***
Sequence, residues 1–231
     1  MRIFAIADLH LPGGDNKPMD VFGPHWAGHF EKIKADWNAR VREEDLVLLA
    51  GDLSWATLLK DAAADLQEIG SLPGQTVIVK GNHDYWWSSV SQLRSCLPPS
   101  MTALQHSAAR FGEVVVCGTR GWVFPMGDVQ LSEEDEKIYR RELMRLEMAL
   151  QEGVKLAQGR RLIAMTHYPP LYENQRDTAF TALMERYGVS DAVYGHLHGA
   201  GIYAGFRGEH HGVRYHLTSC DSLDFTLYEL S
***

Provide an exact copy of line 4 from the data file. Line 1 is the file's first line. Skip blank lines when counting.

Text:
   101  MTALQHSAAR FGEVVVCGTR GWVFPMGDVQ LSEEDEKIYR RELMRLEMAL